Local environmentalists were out analyzing the beaches at Presque Isle State Park in the annual spring beach walk to determine the conditions and plan their next steps in renourishment.

Presque Isle State Park rangers were joined by the U.S. Army Corps of Engineers and advisory committee members to determine the conditions of the beaches after the mild winter season.

“Most of the time, Beach 1 and Beach 3…don’t really need nourishment so we really start from (Beach) 5. (Beach) 5 just to the west of (Beach) 6 is where most of the erosion happens in the park,” said Matt Greene, park operations manager, Presque Isle State Park.

A coastal engineer said that although erosion has taken place, there is a beneficial aspect this year.

“Unfortunately, without the ice setting in, we did have regular wave action impacting the shoreline. We haven’t had too much for really heavy storms lately. February and March time frame there were a couple of bigger blows here and there, but I think we’ve benefitted from a slightly milder set of wind events and everything too,” said Weston Cross, coastal engineer, U.S. Army Corps of Engineers, Buffalo District.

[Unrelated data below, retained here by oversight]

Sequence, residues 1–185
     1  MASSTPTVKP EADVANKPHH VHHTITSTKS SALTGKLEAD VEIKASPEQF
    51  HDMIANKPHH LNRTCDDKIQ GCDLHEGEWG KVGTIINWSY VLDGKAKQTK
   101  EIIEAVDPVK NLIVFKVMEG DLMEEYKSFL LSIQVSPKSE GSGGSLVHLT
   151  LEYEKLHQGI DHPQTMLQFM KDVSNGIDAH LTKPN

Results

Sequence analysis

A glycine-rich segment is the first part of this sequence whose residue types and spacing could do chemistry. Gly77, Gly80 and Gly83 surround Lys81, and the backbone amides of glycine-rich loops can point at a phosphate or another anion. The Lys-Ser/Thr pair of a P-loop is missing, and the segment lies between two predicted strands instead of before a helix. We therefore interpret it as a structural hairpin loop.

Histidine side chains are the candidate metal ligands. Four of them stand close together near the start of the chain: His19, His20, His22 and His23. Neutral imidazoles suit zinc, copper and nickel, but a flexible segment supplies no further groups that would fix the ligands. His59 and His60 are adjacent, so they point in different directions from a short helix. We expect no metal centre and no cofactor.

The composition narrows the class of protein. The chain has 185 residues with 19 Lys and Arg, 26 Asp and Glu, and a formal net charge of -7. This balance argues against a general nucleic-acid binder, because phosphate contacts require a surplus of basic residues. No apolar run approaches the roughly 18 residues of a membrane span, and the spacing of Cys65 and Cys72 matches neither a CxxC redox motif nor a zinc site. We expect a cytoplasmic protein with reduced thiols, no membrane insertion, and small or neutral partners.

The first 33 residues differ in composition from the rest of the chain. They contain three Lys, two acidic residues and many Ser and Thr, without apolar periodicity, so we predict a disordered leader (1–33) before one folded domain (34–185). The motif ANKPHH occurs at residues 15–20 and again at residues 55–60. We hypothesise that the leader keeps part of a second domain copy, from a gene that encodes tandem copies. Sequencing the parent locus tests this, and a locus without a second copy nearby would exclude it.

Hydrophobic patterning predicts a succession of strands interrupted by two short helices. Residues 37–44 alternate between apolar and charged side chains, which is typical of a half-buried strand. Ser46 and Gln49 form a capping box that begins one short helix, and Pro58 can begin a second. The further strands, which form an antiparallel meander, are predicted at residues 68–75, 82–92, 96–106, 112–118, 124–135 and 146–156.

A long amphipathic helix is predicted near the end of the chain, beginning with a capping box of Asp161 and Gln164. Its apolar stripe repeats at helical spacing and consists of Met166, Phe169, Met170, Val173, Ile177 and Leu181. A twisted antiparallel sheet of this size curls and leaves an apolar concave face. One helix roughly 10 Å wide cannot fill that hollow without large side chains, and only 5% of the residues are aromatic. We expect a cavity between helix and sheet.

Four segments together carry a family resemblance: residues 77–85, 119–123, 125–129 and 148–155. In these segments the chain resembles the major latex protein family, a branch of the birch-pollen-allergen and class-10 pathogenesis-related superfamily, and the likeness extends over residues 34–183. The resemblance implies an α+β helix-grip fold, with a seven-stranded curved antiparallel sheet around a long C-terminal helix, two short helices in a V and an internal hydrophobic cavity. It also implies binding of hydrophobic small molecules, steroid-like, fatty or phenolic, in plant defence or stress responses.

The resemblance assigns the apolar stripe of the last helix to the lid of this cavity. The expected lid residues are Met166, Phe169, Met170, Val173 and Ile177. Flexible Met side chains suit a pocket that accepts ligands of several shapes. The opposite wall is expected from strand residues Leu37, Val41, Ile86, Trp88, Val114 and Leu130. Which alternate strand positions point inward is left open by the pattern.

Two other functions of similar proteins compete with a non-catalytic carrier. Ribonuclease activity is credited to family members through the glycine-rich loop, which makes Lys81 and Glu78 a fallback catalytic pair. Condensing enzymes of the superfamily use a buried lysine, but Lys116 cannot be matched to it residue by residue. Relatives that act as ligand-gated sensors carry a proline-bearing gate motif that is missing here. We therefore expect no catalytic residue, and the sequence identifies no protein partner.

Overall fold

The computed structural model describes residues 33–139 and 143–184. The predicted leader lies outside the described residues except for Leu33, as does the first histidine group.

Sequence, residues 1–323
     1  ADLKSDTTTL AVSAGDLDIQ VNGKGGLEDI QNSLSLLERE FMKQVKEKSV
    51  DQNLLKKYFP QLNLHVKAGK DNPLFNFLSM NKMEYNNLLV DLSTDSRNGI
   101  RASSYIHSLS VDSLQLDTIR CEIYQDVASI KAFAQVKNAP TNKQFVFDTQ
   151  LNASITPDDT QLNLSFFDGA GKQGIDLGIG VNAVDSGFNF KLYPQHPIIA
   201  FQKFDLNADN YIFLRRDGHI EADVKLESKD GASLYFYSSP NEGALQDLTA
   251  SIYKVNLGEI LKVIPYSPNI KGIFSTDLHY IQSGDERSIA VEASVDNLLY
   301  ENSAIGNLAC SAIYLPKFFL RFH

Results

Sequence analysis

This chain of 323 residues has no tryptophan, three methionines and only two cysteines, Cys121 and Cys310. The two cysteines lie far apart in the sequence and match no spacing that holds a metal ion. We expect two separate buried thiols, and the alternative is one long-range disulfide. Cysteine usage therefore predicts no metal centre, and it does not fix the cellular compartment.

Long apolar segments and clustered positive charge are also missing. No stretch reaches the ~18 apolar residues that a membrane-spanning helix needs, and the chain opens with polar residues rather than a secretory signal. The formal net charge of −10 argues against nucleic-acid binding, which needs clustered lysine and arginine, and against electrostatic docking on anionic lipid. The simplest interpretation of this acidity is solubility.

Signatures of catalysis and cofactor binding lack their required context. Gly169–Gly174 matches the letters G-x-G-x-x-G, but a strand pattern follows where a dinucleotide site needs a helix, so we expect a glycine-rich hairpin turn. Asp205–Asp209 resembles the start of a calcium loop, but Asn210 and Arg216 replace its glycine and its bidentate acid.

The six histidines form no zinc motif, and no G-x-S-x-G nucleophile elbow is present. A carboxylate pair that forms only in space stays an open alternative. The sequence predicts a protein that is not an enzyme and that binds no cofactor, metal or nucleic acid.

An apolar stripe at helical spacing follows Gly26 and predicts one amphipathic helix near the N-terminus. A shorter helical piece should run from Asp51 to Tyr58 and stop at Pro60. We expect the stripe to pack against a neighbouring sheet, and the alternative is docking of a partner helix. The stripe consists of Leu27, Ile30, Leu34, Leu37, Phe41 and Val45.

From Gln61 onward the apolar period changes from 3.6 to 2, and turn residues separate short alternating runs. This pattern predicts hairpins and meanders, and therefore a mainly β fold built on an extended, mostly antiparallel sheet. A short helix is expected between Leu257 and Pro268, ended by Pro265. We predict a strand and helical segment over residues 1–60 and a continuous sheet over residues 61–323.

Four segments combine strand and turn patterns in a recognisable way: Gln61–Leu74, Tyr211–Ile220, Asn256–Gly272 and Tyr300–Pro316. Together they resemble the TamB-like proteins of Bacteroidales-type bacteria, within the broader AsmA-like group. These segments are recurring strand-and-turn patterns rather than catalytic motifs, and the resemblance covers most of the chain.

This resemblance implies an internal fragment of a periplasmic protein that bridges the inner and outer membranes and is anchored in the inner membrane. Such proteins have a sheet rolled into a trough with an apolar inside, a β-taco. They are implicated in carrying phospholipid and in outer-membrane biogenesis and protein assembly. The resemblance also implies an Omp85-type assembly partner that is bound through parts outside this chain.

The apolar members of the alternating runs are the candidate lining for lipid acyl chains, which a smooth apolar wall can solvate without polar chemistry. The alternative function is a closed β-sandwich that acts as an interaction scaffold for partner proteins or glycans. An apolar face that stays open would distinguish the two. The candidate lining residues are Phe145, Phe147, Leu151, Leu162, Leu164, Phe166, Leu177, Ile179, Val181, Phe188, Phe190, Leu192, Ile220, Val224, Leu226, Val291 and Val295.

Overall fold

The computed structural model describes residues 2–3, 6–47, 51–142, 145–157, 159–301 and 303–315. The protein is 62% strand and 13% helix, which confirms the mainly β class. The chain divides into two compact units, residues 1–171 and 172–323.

The park operations manager said their findings also show lower water elevation levels than in past years.

“The water elevation is down to a much more manageable level. That means that scouring effect of erosion won’t happen as far up into the system, so we’re not losing as much sand as we were back in 2019 and 2020,” Greene said.

Greene told WJET that the next steps involve planning the best way to renourish the park.

“The Corps is going to go back and crunch all the numbers and determine. We have $1.5 million from the federal government and $1.5 million from the state, so we got about $3 million in the project — looking at with the new contract this year, what the sand prices are, what kind of quantities they can expect and then where those quantities are actually going to go out on the map,” Greene added.

Greene also said that some dredging of tombolos is also expected to take place during the renourishment process, which is expected to begin at the very beginning of June.